November 21, 2022 – Burlington Agrees to $11M Settlement of Unpaid OT Claims
Burlington Coat Factory has agreed to settle the claims detailed on this page in an $11 million deal that aims to compensate assistant store managers who were allegedly misclassified as exempt from overtime wages.
The proposed settlement looks to cover roughly 1,715 current and former assistant store managers who worked for Burlington anytime between February 4, 2016 and February 28, 2021, when the retailer reclassified its assistant store manager position as non-exempt.
Those covered by the deal will receive a pro-rated share of the settlement fund based on the number of overtime hours they worked during the covered timeframe. Additionally, assistant store managers who worked in California will receive a portion of a $3,750 payment to resolve claims under the state’s Private Attorneys General Act.
The plaintiffs’ counsel estimates that the average settlement payment will be $6,414.
Covered individuals will not need to file a claim to receive payment; checks will automatically be sent to each person’s last known address as provided by Burlington. The settlement administrator will compare Burlington’s list of addresses against the National Change of Address database or an equivalent system and use “appropriate skip tracing” to locate those covered by the deal.
Settlement checks will contain a note on the memo line explaining that the check is a payment in the “Burlington FLSA Action.” Those covered by the settlement should also receive a notice in the mail with more information about the lawsuit and their rights.
Anyone who cashes their settlement check will be giving up their right to sue Burlington over the claims at issue in the litigation.
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A former Burlington Coat Factory assistant store manager claims in a proposed collective action that she and similarly situated workers were not paid proper overtime wages in accordance with federal law.
The 15-page case alleges that assistant store managers were misclassified by Burlington as exempt from receiving time-and-a-half overtime pay for hours worked in excess of 40 each week even though they performed essentially the same duties as non-exempt employees and were not entrusted with true managerial responsibilities. The suit calls Burlington’s alleged non-payment of time-and-a-half overtime “widespread, repeated and consistent.”
Per the case, Burlington previously settled two other lawsuits that alleged the retailer owed assistant managers unpaid overtime, which the suit argues is an indication that its ongoing deprivation of overtime pay is “intentional and willful.”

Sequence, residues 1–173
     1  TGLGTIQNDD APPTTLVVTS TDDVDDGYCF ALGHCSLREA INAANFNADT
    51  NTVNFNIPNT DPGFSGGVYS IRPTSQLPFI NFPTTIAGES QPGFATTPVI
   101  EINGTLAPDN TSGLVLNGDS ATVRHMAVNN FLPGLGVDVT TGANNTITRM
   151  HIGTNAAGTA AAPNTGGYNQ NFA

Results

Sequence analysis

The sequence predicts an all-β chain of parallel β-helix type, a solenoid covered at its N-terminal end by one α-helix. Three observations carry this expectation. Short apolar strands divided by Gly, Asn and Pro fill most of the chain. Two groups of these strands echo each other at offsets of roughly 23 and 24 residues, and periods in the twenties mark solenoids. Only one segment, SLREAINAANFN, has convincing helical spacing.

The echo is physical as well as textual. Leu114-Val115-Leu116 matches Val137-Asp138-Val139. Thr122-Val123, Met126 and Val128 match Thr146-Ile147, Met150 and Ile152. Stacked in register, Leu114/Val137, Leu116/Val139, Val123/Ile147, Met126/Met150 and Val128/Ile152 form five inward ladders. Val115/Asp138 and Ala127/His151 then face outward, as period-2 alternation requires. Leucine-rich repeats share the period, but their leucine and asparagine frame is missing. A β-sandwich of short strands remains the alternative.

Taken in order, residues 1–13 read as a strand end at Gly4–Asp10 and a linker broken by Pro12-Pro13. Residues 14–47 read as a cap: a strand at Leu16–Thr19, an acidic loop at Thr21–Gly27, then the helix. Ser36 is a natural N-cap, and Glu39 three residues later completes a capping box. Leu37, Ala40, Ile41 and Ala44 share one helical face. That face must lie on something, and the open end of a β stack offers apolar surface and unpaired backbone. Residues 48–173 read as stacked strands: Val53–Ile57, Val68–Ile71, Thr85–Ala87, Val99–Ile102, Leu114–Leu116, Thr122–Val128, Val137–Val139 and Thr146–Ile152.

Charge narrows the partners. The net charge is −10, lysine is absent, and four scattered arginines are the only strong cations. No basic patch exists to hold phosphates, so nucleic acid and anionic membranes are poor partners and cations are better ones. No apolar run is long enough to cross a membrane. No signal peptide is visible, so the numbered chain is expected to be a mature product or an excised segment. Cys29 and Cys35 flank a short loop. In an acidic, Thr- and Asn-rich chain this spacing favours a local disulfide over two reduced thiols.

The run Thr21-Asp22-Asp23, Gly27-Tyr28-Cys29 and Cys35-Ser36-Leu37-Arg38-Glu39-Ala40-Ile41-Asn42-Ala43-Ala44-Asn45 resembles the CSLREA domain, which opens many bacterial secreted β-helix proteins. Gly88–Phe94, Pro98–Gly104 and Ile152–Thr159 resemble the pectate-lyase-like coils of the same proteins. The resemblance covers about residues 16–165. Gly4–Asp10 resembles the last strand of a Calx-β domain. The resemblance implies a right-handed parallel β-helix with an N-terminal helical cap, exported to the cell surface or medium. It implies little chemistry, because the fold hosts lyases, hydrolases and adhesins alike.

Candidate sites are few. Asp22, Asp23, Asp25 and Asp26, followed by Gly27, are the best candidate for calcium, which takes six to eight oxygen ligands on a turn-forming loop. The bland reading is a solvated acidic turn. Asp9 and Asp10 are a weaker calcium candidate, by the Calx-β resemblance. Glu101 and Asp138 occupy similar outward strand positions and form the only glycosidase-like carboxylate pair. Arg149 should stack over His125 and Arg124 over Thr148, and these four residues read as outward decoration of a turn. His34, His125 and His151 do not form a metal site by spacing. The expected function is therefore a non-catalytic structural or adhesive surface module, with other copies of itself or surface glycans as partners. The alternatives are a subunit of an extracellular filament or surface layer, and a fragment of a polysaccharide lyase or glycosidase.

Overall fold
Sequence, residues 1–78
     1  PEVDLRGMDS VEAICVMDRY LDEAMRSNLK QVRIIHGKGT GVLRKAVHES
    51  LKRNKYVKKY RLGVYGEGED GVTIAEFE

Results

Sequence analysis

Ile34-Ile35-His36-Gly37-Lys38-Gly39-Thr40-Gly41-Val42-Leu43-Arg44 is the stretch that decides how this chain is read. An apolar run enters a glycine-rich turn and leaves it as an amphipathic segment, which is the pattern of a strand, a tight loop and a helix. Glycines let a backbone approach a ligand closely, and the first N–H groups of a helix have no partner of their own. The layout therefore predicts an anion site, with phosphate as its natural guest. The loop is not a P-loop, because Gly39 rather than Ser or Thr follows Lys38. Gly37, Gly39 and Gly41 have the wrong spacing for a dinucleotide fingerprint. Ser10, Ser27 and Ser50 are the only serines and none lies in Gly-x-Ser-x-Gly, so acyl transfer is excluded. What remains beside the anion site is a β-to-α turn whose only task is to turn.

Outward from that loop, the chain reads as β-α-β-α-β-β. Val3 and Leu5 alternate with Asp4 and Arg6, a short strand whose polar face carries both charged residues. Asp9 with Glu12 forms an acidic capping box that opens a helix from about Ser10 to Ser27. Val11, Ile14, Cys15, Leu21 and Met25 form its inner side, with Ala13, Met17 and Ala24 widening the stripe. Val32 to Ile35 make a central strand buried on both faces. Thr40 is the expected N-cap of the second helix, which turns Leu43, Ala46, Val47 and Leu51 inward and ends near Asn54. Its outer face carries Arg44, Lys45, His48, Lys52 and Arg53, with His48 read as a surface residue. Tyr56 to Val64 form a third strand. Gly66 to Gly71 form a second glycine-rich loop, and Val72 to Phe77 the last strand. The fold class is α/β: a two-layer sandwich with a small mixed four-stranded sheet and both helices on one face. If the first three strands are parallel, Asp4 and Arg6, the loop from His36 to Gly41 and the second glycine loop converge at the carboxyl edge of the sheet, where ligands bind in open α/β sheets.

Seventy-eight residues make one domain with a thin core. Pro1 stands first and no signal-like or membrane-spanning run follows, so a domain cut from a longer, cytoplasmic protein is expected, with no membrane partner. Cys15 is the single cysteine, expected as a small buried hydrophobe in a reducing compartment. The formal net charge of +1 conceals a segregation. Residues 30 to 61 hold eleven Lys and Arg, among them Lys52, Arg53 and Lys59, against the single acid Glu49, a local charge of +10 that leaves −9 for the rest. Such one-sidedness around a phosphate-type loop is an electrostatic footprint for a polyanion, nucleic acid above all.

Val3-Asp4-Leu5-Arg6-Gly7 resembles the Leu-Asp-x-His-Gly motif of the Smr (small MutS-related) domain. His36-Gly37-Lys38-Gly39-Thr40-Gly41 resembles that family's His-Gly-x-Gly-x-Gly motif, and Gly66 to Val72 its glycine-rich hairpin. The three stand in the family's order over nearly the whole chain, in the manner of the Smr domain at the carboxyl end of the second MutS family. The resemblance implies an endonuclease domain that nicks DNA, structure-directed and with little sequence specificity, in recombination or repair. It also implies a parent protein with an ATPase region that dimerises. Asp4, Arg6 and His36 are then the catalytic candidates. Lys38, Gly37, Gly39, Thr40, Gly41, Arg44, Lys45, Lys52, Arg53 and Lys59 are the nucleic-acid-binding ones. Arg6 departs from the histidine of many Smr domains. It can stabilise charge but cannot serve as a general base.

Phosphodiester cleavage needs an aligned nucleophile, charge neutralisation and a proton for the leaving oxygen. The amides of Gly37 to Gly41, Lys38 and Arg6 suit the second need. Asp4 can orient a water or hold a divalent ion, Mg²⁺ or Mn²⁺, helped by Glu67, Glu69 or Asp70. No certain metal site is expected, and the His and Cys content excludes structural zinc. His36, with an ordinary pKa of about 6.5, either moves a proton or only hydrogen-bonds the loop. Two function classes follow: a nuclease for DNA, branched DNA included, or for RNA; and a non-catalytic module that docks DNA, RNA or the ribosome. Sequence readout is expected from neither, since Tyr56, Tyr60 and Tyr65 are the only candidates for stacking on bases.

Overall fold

The plaintiff claims to have worked at a Stratford, Connecticut Burlington Coat Factory between August 2013 and October 2020. According to the complaint, the plaintiff worked 50 to 55 hours per week and spent the majority of her time performing the same duties as non-exempt employees, including stocking shelves, working the cash register, cleaning, unloading freight, building displays, folding and hanging clothes and performing customer service.
The lawsuit charges that it was Burlington’s centralized policy to underfund its labor budgets for non-exempt employees, which resulted in assistant store managers being required to work overtime in order to complete non-exempt tasks. Per the case, this allowed Burlington to avoid paying extra wages to non-exempt employees.
“The work performed for Defendants by Plaintiff and the members of the Collective required little skill and no capital investment, nor did said work include managerial responsibilities or the exercise of meaningful independent judgment and discretion,” the complaint states, adding that there is “an abundance of sworn testimony” supporting this argument from the retailer’s two previous collective actions.
The lawsuit looks to represent current and former assistant store managers and similarly situated employees who worked for defendants Burlington Coat Factory Warehouse Corporation, Burlington Coat Factory Investment Holdings, Inc. and Burlington Coat Factory Holdings, LLC in the U.S. and put in more than 40 hours in any workweek within the past three years and until the entry of judgment in this case.
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